Current Affairs Jewish industrialist Emil Kolben commemorated in Prague

25-06-2014 16:10 | Jan Richter

Tribute has been paid to the great Czech industrialist Emil Kolben, with the unveiling of a plaque at his former Prague home on Wednesday morning. Kolben, who died in the Holocaust, co-founded one of the country’s most important electrical engineering companies – and today a street and metro station in the capital bear his name.

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Emil Kolben, photo: free domainEmil Kolben, photo: free domain The mayors of Prague 9 and 10 districts unveiled the plaque on Emil Kolben’s former family home in Vinohrady. The industrialist had close ties to both districts – Vysočany in Prague 9 was the location of Kolben’s first engineering firm that later developed into ČKD, one of the largest industrial companies in then Czechoslovakia.

Vinohrady, in Prague 10, meanwhile, was where he and his family moved in the early 20th century; they lived there until they were deported to the Terezín concentration camp in 1943. Bohumil Zoufalík is the district’s mayor.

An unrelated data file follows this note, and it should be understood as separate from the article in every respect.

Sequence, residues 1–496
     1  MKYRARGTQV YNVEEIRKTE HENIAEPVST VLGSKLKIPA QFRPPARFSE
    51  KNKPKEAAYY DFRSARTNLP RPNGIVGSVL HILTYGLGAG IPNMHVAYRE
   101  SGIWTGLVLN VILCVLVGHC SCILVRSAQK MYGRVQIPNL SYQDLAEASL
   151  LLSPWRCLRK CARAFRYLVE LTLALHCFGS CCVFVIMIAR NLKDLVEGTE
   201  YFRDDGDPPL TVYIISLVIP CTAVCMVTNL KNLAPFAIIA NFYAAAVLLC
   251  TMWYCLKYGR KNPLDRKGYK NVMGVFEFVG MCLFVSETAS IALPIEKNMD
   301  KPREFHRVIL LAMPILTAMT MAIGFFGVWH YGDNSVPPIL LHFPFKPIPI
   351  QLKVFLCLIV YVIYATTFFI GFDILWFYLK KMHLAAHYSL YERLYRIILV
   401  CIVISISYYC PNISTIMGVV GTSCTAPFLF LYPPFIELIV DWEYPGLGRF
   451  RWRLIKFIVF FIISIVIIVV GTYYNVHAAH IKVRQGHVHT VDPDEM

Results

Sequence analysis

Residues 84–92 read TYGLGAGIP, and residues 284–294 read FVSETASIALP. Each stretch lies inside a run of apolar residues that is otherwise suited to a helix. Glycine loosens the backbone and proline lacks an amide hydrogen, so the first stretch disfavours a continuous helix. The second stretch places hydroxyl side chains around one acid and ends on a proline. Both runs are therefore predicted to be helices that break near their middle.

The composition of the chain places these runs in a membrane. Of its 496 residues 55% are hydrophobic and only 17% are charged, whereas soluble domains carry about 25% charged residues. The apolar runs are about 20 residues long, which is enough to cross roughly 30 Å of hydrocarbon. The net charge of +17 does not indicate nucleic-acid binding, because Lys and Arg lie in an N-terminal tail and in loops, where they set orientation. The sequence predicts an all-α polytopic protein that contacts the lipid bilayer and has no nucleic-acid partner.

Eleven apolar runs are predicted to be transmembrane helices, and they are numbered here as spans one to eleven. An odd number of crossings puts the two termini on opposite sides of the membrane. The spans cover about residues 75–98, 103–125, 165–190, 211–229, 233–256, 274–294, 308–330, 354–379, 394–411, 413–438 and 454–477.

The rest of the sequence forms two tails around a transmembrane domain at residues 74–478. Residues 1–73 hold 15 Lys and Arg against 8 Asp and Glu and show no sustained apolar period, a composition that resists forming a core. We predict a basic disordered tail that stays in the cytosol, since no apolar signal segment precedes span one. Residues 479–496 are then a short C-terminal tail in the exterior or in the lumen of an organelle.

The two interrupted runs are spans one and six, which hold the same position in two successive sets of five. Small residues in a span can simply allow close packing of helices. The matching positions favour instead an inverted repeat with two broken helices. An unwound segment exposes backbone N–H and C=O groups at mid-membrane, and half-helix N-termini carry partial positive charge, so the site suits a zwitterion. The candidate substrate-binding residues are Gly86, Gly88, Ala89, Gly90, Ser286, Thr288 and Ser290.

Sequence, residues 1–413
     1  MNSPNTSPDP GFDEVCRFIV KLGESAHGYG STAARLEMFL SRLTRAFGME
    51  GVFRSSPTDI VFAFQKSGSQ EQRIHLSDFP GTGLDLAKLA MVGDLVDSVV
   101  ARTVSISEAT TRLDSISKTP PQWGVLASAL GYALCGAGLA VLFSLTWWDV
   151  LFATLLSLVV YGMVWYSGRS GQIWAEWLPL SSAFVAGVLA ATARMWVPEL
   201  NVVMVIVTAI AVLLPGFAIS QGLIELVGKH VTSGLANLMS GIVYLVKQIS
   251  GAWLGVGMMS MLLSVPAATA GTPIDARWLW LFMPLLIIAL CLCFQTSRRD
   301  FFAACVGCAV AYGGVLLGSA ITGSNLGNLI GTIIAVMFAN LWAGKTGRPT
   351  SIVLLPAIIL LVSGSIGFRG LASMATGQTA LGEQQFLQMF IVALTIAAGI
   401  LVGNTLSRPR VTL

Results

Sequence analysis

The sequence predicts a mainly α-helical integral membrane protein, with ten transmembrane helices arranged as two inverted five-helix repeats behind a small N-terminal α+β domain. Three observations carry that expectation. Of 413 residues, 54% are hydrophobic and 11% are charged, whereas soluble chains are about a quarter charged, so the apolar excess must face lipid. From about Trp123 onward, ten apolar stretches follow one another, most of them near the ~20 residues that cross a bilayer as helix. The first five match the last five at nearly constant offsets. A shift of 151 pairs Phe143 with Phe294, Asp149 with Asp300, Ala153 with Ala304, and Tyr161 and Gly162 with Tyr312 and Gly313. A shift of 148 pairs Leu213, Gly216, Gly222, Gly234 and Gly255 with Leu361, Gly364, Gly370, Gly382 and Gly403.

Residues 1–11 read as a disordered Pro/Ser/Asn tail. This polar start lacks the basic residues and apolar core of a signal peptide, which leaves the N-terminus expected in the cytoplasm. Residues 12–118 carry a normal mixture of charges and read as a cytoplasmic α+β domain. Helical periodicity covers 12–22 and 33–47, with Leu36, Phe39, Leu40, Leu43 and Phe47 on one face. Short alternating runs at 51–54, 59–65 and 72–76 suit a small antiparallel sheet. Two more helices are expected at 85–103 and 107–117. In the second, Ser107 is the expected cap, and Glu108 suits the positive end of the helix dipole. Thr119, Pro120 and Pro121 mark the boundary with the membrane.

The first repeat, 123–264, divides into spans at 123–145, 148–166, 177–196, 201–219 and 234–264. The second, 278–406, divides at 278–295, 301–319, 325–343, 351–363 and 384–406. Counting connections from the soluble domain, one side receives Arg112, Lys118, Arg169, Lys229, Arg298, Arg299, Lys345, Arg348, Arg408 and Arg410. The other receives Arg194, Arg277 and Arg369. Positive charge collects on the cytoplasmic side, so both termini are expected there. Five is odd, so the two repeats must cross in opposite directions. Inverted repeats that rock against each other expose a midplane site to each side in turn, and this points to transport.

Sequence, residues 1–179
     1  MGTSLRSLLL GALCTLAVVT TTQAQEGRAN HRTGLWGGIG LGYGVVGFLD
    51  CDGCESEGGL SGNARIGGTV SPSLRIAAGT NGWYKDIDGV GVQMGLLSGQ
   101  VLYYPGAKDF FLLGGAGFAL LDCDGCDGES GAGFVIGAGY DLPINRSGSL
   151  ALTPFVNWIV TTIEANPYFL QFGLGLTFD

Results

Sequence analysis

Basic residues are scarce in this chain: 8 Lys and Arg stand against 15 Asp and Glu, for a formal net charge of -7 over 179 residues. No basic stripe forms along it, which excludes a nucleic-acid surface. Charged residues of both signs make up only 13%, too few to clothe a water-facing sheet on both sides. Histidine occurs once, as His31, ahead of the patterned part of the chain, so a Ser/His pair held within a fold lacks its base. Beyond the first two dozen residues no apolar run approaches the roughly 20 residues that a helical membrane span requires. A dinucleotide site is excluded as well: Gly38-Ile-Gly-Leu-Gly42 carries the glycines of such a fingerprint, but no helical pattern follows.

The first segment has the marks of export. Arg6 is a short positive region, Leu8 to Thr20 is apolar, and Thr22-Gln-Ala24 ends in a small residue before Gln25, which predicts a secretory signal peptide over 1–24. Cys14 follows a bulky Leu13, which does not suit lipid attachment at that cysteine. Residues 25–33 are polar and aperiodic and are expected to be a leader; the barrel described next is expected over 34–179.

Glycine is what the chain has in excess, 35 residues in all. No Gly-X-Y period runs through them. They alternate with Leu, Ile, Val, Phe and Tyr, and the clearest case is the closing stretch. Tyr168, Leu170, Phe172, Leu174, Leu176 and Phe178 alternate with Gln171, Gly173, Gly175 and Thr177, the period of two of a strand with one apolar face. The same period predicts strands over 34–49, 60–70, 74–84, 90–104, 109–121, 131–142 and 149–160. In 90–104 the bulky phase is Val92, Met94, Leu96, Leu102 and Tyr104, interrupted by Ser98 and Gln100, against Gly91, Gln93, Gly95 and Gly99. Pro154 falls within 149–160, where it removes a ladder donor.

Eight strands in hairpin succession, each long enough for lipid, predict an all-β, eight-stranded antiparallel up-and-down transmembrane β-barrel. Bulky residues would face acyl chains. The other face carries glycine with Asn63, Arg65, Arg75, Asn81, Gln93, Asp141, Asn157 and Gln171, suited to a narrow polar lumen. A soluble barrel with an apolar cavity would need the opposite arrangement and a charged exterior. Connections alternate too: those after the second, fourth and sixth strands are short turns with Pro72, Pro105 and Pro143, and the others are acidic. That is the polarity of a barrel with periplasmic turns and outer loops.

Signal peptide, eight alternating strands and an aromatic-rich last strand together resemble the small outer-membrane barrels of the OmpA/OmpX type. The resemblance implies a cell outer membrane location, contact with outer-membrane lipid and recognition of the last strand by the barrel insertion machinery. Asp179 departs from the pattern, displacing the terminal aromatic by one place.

“It makes me very happy to commemorate Emil Kolben in this way. It highlights the history of Prague 10, and Kolben and his former villa shows how many successful people lived here in the past.”

Emil Kolben, a native of Strančice outside the capital, and a graduate of Prague’s German Technical University, spent years in the US where he became the chief engineer at Thomas Edison’s laboratories in New Jersey.

Photo: free domainPhoto: free domain After his return to Prague, he founded his first company in 1896 which gradually developed into the engineering giant ČKD. However, in 1943 the Nazis deported the 81-year-old magnate to the Terezín ghetto, where he died three weeks later. In total, 26 members of his family were killed in the Holocaust.

One of Kolben’s grandsons lived in the Art Nouveau villa until his death last year. The local town hall then purchased the building, and is now planning to open its doors to the public. Mayor Zoufalík again.

“I think it should be a community centre, a gallery, or something like that. It should somehow commemorate Kolben and his era. But that’s just my idea. The decision will have to be made by future councillors who emerge from the elections in the autumn.”

Emil Kolben is also remembered in the Vysočany district where a metro station and a street now bear his name. Local authorities there are also planning to erect a monument dedicated to the Jewish industrialist later this year.

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